This was very friendly in the governor; however, when it came to the caravan, there was nobody knew anything of the matter; and as for us that were guilty, we were least of all suspected. However, the captain of the caravan for the time took the hint that the governor gave us, and we travelled two days and two nights without any considerable stop, and then we lay at a village called Plothus: nor did we make any long stop here, but hastened on towards Jarawena, another Muscovite colony, and where we expected we should be safe. But upon the second day's march from Plothus, by the clouds of dust behind us at a great distance, it was plain we were pursued. We had entered a vast desert, and had passed by a great lake called Schanks Oser, when we perceived a large body of horse appear on the other side of the lake, to the north, we travelling west. We observed they went away west, as we did, but had supposed we would have taken that side of the lake, whereas we very happily took the south side; and in two days more they disappeared again: for they, believing we were still before them, pushed on till they came to the Udda, a very great river when it passes farther north, but when we came to it we found it narrow and fordable.
The third day they had either found their mistake, or had intelligence of us, and came pouring in upon us towards dusk. We had, to our great satisfaction, just pitched upon a convenient place for our camp; for as we had just entered upon a desert above five hundred miles over, where we had no towns to lodge at, and, indeed, expected none but the city Jarawena, which we had yet two days' march to; the desert, however, had some few woods in it on this side, and little rivers, which ran all into the great river Udda; it was in a narrow strait, between little but very thick woods, that we pitched our camp that night, expecting to be attacked before morning. As it was usual for the Mogul Tartars to go about in troops in that desert, so the caravans always fortify themselves every night against them, as against armies of robbers; and it was, therefore, no new thing to be pursued. But we had this night a most advantageous camp: for as we lay between two woods, with a little rivulet running just before our front, we could not be surrounded, or attacked any way but in our front or rear. We took care also to make our front as strong as we could, by placing our packs, with the camels and horses, all in a line, on the inside of the river, and felling some trees in our rear.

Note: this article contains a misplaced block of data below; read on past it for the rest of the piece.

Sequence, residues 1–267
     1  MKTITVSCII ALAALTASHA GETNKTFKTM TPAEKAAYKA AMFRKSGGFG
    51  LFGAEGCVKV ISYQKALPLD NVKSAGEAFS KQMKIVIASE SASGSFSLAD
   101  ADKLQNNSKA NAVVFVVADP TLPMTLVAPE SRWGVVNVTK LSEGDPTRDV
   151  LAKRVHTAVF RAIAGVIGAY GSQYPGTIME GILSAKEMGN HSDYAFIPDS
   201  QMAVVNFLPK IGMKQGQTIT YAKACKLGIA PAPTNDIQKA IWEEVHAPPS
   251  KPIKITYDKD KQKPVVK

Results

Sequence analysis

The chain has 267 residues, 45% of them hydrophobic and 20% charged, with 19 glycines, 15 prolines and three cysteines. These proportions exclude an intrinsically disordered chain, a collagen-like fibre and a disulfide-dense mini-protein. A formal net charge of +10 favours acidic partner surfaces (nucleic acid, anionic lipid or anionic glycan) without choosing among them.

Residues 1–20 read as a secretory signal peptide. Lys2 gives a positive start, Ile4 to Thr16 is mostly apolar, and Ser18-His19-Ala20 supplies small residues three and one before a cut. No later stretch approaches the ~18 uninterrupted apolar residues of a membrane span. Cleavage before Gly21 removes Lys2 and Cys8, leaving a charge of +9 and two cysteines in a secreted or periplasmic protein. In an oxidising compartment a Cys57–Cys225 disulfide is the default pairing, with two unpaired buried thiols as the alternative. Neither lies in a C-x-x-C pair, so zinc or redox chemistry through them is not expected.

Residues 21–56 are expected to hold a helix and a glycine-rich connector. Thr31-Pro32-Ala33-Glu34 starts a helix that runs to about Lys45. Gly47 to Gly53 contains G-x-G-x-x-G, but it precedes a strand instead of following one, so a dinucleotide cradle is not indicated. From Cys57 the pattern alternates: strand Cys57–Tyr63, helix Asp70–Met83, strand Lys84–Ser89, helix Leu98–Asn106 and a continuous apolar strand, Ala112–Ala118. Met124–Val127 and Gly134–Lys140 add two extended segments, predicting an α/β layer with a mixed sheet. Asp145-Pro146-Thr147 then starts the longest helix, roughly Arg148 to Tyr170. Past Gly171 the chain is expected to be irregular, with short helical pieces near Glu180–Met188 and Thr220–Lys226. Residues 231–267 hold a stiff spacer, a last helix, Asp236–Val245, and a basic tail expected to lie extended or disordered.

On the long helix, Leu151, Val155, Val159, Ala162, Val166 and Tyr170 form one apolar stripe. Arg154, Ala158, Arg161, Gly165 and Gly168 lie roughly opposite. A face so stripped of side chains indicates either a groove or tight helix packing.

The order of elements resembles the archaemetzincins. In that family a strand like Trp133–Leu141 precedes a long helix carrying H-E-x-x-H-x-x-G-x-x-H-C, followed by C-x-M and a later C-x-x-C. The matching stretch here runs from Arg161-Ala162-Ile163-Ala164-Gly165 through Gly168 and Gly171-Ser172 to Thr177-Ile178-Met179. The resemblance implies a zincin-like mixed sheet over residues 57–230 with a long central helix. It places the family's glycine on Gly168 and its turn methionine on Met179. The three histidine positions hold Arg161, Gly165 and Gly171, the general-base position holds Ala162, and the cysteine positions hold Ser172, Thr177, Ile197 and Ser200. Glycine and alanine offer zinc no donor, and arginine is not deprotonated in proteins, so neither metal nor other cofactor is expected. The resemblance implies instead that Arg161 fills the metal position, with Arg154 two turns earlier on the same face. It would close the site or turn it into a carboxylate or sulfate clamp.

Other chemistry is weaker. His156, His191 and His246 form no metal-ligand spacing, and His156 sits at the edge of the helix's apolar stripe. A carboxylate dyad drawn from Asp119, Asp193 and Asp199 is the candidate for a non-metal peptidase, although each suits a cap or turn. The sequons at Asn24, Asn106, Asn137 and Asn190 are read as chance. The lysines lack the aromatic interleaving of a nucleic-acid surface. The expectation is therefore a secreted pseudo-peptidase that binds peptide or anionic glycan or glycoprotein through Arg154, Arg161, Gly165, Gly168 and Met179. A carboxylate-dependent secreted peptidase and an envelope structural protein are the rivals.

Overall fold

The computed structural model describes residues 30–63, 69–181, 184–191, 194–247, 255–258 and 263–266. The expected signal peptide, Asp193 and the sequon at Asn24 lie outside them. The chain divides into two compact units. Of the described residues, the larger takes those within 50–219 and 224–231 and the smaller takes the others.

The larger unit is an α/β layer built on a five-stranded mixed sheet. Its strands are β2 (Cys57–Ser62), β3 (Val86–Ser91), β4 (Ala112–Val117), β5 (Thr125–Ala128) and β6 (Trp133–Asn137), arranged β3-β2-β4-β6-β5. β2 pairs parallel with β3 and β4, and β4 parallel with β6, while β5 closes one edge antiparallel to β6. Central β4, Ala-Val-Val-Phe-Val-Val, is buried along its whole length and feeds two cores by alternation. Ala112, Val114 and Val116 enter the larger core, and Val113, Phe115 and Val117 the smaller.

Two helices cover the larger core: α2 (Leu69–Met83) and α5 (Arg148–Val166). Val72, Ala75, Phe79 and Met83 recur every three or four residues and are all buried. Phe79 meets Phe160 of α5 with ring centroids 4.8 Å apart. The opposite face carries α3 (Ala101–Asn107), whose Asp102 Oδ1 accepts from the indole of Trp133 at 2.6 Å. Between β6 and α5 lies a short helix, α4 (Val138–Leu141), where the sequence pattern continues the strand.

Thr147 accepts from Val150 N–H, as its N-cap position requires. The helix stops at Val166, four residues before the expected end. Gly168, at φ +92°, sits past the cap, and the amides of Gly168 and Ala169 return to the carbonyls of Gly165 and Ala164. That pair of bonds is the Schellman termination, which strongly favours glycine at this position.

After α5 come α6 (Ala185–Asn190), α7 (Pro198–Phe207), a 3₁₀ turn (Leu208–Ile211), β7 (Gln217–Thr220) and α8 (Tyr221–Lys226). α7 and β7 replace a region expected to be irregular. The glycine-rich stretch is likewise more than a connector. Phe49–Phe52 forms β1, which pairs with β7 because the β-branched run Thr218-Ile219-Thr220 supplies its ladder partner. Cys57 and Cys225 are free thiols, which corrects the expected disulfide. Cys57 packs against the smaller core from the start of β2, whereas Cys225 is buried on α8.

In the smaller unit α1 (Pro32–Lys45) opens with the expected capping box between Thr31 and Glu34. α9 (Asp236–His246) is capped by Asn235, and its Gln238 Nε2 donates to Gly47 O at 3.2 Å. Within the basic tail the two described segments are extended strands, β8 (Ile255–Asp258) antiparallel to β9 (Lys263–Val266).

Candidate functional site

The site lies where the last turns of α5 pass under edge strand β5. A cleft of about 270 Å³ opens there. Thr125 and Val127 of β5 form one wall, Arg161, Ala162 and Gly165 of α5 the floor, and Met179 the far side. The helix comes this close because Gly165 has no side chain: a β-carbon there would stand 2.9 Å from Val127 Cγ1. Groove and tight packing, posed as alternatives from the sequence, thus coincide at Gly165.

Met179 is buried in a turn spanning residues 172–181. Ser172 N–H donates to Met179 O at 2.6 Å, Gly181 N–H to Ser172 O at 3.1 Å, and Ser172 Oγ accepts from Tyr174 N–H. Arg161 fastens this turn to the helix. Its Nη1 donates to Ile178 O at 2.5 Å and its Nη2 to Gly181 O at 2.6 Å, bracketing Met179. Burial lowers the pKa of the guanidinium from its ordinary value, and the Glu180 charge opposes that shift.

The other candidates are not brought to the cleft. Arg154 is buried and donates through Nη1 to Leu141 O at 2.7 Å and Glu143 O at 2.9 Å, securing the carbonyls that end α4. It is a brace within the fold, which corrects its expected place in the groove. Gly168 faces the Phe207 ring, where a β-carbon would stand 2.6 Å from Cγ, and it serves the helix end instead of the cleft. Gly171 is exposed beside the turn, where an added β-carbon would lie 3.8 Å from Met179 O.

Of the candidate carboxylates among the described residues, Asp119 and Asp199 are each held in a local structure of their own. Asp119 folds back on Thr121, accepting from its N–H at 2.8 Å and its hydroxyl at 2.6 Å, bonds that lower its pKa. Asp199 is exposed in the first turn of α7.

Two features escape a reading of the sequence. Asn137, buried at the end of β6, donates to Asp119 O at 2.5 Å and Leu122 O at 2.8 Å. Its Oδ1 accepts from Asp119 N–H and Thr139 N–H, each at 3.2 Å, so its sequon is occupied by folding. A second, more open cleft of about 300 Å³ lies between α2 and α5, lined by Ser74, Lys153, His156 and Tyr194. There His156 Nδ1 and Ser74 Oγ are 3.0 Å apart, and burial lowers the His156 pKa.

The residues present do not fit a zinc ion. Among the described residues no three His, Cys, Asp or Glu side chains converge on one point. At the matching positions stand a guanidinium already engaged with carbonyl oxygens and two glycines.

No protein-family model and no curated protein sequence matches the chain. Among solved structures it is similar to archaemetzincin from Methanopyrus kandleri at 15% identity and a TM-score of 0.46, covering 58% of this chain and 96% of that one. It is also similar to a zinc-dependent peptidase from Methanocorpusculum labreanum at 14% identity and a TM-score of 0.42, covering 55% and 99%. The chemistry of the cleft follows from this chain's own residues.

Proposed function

In this posture we encamped for the night; but the enemy was upon us before we had finished. They did not come on like thieves, as we expected, but sent three messengers to us, to demand the men to be delivered to them that had abused their priests and burned their idol, that they might burn them with fire; and upon this, they said, they would go away, and do us no further harm, otherwise they would destroy us all. Our men looked very blank at this message, and began to stare at one another to see who looked with the most guilt in their faces; but nobody was the word—nobody did it. The leader of the caravan sent word he was well assured that it was not done by any of our camp; that we were peaceful merchants, travelling on our business; that we had done no harm to them or to any one else; and that, therefore, they must look further for the enemies who had injured them, for we were not the people; so they desired them not to disturb us, for if they did we should defend ourselves.